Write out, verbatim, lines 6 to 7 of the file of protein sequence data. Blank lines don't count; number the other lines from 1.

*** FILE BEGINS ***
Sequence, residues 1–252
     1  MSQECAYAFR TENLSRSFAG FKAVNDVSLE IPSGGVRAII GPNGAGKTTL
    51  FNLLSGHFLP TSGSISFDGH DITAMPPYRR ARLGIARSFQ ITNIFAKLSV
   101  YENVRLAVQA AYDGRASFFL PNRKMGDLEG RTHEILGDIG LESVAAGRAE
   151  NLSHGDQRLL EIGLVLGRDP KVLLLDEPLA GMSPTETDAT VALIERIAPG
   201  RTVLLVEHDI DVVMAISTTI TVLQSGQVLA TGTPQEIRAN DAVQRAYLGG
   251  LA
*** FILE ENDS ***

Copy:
   201  RTVLLVEHDI DVVMAISTTI TVLQSGQVLA TGTPQEIRAN DAVQRAYLGG
   251  LA